39. I do think that it will be close here, but I am doubtful that Labour will exceed the national swing; on an UNS Labour needs to be about 3% ahead of the Tories nationally to take Great Yarmouth. Personally I don’t see that happening especially in a seat in a small town in East Anglia where there is quite a high-profile, effective Conservative MP who will have double incumbency, though Labour seem to have chosen quite well too. Apart from the 2 seats where there is likely to be extensive by-election unwind from the last parliament, I don’t have any seats which require quite this level of swing from the Tories down as Labour gains, with the sole exception of Dudley S, at the moment. I do however think that Labour will take some seats which require swings of over 4% in addition to that.

  40. The local elections here next month could be interesting. I think that UKIP will take at least 11 out of the 13 seats up for grabs on the borough Council, with Labour taking Magdalen, and Claydon being very tight between Labour and UKIP.

    If this event occurs Labour would lose the council to NOC with the following political composition:

    Labour: 15 or 16 seats
    Conservatives: 12 seats
    UKIP: 11 or 12 seats

    Could a coalition be formed between 2 of the 3 parties? What impact could there be on the general election result here?

  41. Surely that’s very over-optimistic. Even if UKIP do as well as last year they would be very fortunate indeed to win 11 out of 13 wards.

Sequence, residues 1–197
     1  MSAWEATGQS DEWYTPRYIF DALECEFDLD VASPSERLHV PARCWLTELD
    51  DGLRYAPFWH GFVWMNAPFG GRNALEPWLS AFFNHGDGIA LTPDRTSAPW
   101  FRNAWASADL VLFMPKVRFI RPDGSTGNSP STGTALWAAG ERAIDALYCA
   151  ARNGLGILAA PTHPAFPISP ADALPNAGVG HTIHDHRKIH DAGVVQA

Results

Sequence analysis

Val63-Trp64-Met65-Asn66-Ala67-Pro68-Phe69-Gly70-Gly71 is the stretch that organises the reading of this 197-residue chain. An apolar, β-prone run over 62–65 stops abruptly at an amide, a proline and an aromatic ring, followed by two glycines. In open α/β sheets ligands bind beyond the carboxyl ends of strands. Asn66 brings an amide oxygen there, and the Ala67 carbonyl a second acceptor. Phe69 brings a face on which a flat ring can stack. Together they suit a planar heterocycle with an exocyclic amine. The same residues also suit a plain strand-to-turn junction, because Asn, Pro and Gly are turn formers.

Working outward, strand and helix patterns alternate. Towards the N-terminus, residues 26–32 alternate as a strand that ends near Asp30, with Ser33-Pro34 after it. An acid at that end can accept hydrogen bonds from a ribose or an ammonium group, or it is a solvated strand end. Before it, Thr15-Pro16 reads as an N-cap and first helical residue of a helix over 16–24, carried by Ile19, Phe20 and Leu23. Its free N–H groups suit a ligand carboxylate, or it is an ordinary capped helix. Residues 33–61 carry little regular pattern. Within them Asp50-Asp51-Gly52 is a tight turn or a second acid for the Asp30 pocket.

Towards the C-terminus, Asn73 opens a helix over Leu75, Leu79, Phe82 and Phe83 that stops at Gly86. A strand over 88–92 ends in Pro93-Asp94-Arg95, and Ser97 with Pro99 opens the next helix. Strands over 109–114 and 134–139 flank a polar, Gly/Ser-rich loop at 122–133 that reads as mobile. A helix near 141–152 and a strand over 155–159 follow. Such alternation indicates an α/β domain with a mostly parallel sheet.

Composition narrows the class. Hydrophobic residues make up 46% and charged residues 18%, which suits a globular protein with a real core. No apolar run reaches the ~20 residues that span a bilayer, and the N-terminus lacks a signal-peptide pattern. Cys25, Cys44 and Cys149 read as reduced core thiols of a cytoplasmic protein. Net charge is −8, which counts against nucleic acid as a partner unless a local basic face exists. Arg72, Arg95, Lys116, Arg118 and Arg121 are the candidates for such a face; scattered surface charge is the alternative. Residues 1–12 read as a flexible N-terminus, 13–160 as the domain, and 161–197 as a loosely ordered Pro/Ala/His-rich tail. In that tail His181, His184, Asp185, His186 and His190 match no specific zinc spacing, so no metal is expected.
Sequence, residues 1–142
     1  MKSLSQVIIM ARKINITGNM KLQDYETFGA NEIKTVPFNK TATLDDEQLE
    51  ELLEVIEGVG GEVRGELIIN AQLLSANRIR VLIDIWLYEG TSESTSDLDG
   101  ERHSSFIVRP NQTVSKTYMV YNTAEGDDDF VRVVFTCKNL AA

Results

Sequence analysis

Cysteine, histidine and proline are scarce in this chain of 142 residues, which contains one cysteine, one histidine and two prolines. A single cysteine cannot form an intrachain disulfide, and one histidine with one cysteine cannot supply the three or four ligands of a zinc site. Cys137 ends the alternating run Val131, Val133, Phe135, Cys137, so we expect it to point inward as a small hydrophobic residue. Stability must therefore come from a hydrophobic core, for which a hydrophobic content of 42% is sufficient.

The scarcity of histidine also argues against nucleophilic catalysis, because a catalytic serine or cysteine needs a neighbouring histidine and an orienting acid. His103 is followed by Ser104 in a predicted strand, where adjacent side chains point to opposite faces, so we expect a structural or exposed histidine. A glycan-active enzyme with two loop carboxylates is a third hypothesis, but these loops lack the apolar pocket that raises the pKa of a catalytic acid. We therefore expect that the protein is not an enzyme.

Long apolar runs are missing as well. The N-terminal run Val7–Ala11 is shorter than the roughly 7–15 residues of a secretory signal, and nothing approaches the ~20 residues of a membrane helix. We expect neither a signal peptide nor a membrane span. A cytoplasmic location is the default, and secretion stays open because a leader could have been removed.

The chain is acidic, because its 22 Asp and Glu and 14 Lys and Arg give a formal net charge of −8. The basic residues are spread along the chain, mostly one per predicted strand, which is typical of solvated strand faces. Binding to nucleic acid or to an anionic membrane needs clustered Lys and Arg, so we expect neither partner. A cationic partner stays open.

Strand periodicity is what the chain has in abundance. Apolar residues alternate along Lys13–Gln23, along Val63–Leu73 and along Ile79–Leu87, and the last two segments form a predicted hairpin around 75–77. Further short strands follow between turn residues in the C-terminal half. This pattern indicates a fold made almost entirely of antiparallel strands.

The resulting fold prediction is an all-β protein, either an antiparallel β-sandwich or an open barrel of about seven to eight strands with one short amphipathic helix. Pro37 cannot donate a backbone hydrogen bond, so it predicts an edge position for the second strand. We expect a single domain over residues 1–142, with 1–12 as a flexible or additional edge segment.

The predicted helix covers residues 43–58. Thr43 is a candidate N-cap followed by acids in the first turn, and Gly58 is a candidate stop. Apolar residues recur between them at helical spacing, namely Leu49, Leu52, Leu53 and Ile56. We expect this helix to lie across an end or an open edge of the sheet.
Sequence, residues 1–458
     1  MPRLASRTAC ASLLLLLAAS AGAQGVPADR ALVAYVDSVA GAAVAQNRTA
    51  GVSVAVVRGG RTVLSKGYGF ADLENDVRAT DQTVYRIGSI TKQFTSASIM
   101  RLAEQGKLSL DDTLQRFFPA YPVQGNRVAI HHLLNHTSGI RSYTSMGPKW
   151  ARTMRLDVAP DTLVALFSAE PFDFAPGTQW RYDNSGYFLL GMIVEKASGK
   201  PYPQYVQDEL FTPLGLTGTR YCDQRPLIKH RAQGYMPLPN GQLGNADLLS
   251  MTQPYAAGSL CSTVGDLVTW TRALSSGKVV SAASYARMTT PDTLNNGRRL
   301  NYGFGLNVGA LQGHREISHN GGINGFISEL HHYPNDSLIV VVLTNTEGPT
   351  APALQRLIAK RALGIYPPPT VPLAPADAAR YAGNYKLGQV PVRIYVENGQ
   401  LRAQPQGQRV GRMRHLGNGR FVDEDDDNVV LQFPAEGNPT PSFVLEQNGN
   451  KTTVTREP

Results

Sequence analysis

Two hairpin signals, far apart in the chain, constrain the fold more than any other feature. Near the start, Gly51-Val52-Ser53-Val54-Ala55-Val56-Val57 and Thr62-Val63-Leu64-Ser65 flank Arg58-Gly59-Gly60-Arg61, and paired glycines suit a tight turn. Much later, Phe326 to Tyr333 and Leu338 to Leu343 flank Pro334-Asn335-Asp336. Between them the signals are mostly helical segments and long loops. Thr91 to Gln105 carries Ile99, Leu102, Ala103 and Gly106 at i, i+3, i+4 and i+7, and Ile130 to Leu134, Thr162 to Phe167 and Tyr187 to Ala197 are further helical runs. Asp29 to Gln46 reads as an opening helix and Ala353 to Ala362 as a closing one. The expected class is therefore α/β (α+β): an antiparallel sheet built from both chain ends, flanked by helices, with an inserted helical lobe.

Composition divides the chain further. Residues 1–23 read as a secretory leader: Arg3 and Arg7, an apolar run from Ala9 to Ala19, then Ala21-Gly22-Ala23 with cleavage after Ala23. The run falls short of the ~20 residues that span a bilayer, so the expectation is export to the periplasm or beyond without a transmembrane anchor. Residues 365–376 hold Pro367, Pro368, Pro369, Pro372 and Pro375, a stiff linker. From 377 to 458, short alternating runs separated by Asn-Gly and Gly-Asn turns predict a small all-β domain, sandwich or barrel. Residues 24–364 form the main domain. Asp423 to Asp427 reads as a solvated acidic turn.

42. If the rest of the county is anything to go by, UKIP-LAB is the most likely; UKIP in Norfolk generally seem to have made the decision (correct I think) that the most important thing is differentiating themselves from the Conservatives (who are also probably more likely to move their way than Labour voters on average, as Labour will be topped up more by LD losses).

    If UKIP do take 11 of 13, it will stand them in very good stead for 2014 I’d say; it will be an interesting barometer of the seat to see what happens, probably mostly in what it shows about UKIP’s hold on voters and ability to maintain support and the momentum they had last year here.

  43. Ladbrokes:
    4/5 Cons
    6/4 Lab
    5 UKIP

  44. According to Twitter Lib Dems not fielding a single council candidate here.

  45. 5/1 on UKIP isn’t bad

  46. I agree ukip is good value here at 5/1…

  47. UKIP running riot here including taking Cobholm which has been Labour since before WW2 at least.

  48. Council now NOC. UKIP have taken 10 seats, 5 each from
    Tories and Labour.

  49. No Labour took a seat from the Conservatives in Cobholm as recently as 2006,_2006

    However Yes, they have had a good result